We are not in the habit of making speeches for the sake of making speeches in this House, but it seems a pity that we should pass the final stage of a Bill which carries an amendment to the Constitution, which this House has been agitating for about six years, without some reference to the fact that it leaves us in a very much better position than before, from our point of view. We hope it will never be exercised, and that there will never be a dispute as to what is or what is not a Money Bill. One thing is certain that, with the passing of this Bill and the consequential alteration of the Constitution, it is possible—whereas it was practically impossible before—for this House to challenge such a decision if the occasion arises, and if the majority of the members of the Seanad wish to challenge it. It is probably not perfect but I think it is a great improvement from our point of view.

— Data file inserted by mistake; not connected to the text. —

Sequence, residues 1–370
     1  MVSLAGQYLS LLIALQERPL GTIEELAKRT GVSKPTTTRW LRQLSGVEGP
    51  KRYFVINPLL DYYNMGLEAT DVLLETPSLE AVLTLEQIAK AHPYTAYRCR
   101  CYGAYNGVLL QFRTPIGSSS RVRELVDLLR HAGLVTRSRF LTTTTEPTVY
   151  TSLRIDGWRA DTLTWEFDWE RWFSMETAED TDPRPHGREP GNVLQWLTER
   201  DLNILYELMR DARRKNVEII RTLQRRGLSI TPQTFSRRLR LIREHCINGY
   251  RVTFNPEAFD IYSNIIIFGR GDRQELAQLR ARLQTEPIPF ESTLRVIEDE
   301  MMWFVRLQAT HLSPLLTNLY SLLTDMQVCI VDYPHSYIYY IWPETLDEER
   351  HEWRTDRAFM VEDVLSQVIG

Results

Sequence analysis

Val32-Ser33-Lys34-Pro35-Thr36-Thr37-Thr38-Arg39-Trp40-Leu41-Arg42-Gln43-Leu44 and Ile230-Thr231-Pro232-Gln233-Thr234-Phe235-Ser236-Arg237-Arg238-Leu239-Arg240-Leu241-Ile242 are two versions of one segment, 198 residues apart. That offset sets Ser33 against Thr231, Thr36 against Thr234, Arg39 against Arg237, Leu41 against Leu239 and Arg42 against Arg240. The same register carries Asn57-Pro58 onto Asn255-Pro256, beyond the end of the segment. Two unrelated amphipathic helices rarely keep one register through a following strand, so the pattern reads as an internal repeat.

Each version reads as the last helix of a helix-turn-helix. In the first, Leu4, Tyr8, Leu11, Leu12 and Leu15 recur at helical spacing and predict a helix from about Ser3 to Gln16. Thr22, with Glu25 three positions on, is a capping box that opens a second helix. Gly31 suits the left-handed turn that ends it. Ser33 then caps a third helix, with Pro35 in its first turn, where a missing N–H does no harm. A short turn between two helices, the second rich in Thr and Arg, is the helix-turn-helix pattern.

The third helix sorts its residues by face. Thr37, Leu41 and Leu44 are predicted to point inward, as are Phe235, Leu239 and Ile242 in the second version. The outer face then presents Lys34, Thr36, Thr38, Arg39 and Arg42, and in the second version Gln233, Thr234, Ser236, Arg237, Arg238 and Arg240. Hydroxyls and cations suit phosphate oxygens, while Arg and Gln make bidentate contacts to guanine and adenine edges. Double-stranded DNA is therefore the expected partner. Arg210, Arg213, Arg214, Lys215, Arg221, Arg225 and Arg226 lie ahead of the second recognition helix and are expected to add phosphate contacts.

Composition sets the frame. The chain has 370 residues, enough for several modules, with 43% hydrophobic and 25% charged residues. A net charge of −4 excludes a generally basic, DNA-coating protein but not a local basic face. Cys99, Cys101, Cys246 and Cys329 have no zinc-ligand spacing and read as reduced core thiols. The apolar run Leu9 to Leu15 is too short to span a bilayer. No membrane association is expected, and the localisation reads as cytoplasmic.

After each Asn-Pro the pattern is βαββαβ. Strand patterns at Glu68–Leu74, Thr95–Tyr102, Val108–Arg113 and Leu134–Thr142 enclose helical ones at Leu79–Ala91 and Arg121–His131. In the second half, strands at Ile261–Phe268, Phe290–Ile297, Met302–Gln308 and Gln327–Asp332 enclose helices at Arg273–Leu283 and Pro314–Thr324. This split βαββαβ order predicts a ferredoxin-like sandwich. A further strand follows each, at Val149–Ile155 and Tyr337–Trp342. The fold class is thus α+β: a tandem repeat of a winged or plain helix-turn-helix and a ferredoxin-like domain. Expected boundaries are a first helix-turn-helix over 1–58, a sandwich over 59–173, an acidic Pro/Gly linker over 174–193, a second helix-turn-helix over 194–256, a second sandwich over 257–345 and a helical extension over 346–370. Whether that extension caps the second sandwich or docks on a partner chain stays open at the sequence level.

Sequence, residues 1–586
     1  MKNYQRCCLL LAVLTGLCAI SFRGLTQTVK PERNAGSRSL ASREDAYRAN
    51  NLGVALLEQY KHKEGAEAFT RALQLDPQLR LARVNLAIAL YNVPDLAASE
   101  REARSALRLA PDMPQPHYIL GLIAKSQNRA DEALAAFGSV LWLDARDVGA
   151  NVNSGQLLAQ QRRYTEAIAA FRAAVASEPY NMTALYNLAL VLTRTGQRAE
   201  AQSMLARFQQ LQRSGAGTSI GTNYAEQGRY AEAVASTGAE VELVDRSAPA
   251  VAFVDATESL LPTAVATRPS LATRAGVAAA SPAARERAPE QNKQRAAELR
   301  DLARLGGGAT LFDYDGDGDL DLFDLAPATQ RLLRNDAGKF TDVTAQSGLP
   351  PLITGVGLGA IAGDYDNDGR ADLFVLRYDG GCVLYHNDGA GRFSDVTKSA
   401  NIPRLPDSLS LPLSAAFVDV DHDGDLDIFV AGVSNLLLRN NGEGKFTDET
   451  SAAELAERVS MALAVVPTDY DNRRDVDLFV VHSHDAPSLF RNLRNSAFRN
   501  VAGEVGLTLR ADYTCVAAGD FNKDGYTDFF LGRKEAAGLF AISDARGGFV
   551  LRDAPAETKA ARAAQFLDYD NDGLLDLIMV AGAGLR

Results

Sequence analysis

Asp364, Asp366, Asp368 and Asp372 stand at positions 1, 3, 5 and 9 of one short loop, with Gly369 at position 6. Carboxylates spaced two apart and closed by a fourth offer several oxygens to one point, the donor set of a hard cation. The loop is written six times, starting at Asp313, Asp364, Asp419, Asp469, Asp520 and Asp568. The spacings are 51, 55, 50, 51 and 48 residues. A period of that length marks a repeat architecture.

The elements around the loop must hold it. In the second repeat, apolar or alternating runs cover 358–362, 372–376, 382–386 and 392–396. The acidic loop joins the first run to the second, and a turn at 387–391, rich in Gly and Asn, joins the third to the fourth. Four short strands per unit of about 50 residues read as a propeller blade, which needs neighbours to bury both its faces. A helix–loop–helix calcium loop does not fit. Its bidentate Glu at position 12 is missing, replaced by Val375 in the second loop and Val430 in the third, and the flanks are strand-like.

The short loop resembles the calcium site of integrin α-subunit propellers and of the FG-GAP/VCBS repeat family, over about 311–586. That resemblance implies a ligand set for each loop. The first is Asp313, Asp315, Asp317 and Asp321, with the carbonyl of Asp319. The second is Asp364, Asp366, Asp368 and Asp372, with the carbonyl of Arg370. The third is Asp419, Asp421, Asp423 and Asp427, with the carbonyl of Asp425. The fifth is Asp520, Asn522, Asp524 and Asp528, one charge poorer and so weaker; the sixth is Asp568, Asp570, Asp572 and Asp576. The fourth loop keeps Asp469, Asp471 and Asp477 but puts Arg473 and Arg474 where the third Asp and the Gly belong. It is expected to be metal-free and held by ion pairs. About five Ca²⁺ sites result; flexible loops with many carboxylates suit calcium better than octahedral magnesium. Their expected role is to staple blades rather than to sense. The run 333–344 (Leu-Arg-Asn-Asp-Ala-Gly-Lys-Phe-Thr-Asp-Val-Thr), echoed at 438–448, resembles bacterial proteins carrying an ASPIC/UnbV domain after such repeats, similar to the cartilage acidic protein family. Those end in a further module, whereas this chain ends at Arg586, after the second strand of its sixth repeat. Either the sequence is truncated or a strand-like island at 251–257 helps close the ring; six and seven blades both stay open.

Constitution (Amendment No. 12) Bill, 1928—Fifth Stage.
I am glad Senator Douglas alluded to the matter because a great deal of thought was given to it here. I quite agree that it is a much better Bill now than when it came to us.